Voters to decide whether funds from marijuana cultivation will fund children’s services
If June initiative passes, council would set guidelines for earmarking funds
Tax would require two-thirds voter support
Voters in California’s capital city will decide on whether to use tax dollars from marijuana cultivation as a fiscal elixir to pay for services for kids at risk.
The Sacramento City Council voted Tuesday night to advance a June ballot initiative that asks voters to impose a special 5 percent tax on future commercial marijuana cultivation for medical or recreational use.
Long tolerant of medical marijuana businesses, the City Council last week passed broad guidelines that will eventually allow business licenses for commercial cannabis cultivation in city limits.
With specific cultivation rules still to be drafted, the council moved Tuesday night to monetize pot production as a secured revenue source for youth programs.
If the June initiative passes, the council would set guidelines for earmarking funds for programs including early childhood education, arts and cultural activities, academic tutoring, healthy living programs or gang diversion.
City officials said the special tax, which would require two-thirds voter support, could generate $5 million annually. It would replace the normal 4 percent business tax the cultivation operations would otherwise be subject to.
City Councilman Jay Schenirer, who has strongly backed city efforts to license and tax marijuana cultivation facilities, on Tuesday called for that money to support the kind of youth programs he has long championed as a public and private citizen.
The proposed ballot initiative calls for voters to approve a “City of Sacramento Children’s Fund” from tax proceeds on licensed marijuana cultivation facilities. It pledges “to create a funding source dedicated to children and youth services, including homeless and foster youth,” saying the marijuana tax can generate “millions of dollars” for such programs.
“This is the point where the city can walk the talk and actually put some resources into services that young people need,” said Schenirer, who said less than 1 percent of the city’s general fund budget goes to programs for youth. “We can take a tax on a piece of the marijuana (industry) and put that towards a children’s fund.”
Schenirer is a former board member of the Sacramento Children’s Home and helped launch WayUp Sacramento, a healthy foods, nutrition and leadership organization for young people. He regularly solicits major donations for WayUp, based on city filings.
His marijuana tax resolution asserts that the city has “a significant at-risk youth population” with few resources to fund city youth or help private groups working to improve the lives of young people.
He endorsed the pot-funded measure in a pre-meeting press conference that resembled a small campaign event for the ballot initiative. Supportive council members and representatives for children’s support groups wore “Sacramento Children’s Fund” lapel stickers.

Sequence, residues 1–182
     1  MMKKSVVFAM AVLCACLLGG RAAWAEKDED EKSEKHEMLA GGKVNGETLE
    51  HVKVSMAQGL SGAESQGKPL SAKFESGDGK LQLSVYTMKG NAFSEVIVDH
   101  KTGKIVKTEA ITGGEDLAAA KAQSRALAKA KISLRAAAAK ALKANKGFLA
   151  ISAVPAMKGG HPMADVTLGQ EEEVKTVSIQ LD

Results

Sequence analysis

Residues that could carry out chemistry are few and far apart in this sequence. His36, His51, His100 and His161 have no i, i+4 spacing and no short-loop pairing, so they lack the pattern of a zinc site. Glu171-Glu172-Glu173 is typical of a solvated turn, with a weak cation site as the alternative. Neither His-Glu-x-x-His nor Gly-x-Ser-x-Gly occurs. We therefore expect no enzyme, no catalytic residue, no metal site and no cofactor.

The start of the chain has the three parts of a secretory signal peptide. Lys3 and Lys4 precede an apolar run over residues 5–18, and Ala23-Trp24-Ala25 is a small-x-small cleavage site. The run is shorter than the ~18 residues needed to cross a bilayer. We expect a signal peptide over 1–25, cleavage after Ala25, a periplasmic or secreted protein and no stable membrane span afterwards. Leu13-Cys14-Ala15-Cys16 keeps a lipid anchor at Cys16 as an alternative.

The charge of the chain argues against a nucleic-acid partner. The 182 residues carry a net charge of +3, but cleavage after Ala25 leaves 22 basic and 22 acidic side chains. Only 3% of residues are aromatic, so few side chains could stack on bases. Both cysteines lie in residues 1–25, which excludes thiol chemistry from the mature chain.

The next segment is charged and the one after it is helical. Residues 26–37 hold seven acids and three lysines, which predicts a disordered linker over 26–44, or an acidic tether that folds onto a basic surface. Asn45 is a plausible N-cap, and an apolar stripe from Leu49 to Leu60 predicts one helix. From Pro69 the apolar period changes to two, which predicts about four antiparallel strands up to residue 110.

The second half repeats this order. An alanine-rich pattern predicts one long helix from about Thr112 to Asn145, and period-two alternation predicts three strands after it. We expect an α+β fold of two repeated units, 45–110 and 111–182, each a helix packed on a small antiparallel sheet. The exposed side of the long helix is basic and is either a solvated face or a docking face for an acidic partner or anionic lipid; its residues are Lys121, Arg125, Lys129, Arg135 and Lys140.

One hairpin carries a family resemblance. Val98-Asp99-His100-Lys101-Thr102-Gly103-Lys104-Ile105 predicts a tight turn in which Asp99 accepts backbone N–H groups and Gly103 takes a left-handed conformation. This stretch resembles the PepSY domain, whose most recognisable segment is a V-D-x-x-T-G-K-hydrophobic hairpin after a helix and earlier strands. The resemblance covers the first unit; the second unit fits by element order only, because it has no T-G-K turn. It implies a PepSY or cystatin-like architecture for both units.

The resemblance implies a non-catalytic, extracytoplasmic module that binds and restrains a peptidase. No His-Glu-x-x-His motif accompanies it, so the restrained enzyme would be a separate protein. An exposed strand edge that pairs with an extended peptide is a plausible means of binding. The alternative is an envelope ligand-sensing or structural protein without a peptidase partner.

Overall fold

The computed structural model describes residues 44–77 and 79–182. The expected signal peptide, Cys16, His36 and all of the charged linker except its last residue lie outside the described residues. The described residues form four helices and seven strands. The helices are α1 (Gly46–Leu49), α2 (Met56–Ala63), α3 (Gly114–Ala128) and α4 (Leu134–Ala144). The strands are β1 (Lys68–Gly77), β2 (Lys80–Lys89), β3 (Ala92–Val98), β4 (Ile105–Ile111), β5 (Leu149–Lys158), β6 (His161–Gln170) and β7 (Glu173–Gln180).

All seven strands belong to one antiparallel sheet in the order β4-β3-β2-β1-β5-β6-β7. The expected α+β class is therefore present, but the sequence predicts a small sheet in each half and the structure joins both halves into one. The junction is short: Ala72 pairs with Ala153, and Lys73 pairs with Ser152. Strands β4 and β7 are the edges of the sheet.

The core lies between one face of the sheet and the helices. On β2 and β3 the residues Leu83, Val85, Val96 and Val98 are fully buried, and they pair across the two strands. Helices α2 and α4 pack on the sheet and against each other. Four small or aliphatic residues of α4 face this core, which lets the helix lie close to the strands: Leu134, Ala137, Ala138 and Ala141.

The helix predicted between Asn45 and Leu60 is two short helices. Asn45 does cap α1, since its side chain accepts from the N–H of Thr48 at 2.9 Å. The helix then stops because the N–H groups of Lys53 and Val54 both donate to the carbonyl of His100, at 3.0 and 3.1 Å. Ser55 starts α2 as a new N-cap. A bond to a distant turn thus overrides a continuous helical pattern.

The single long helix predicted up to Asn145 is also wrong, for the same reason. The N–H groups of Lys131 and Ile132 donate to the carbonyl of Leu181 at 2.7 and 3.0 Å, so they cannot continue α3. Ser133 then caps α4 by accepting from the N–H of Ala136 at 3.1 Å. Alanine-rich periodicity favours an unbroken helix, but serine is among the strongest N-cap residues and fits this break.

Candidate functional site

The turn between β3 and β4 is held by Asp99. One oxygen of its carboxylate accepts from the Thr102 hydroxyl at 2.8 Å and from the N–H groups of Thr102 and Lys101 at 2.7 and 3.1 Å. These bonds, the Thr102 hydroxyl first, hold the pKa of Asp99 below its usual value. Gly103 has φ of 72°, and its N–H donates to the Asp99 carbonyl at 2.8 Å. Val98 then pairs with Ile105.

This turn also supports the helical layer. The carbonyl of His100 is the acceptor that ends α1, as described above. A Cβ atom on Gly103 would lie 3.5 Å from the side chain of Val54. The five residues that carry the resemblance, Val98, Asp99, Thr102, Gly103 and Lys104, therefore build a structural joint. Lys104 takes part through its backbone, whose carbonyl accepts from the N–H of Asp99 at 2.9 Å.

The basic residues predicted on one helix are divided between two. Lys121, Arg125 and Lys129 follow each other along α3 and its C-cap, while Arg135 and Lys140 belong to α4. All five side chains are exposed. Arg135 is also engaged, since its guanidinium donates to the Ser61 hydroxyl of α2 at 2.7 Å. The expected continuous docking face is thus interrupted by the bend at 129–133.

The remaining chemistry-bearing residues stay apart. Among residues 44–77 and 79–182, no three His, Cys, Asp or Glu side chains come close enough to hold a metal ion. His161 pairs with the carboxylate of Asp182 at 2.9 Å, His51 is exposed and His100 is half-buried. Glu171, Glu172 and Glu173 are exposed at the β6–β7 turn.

Schenirer announced that the Sacramento Association of Realtors had already donated $12,000 for a potential campaign. And mayoral candidate and former state Senate leader Darrell Steinberg, who founded an after-school program called Sacramento Start in 1995, endorsed the special cultivation tax to help fund such programs.
But City Council member Jeff Harris, one of three council members voting ‘no,’ argued that using pot cultivation tax money was a well-intended but misguided attempt at “ballot box budgeting.” He raised the question: “Is a dedicated special use tax on marijuana manufacturing the appropriate method to fund these services?”
Harris argued for adding marijuana cultivation tax revenues to the city’s current $343 million general fund as with the case with other licensed businesses. He said such a move could be passed with a majority vote – not the two-thirds standard for a special tax.
Schenirer’s proposal called for 15 percent of the children’s fund revenues to be used for costs of administration and evaluation of programs supported by the fund. The remaining money would be split, with 30 percent of money going to city departments serving youth and 70 percent to non-profit community groups.
However, Schenirer said in an interview that neither his Way Up Sacramento program nor its non-profit parent group would seek funding from the city due to his involvement.
“People have already come up to me and said, ‘You’re trying to feather your own nest,’” he said. He added: “We will never apply” for city funds.
No specific programs have been identified for funding. But Derrell Roberts, co-founder the Roberts Family Development Center, which offers after-school, preschool, mentoring and counseling programs at seven Sacramento locations, said he is eager to apply for a share of the marijuana cultivation tax proceeds.
“It would allow us to stabilize our funding,” Roberts said.
The tax idea was also heartily endorsed by 17-year-old Jackson Yoder. The member of the Restorative Justice Club at C.K. McClatchy High School asked dozens of young people, many benefitting from after-school and community programs, to stand up before the council.
“This is who we’re arguing for this measure for,” he said.
The debate over how to spend potential marijuana cultivation tax dollars comes as the city is moving cautiously to set operating rules for indoor marijuana cultivation facilities.
The city is drafting operating rules for indoor marijuana cultivation of up to 22,000 square feet per site.
City officials say Sacramento already has numerous unregulated marijuana cultivation facilities, many supplying some of the 30 medical marijuana dispensaries licensed by the city.
Sacramento collected $2.86 million from dispensaries in the 2014-15 fiscal year from a 4 percent medical marijuana tax, which goes to the city’s general fund. However, the unregulated grow rooms pay no fees.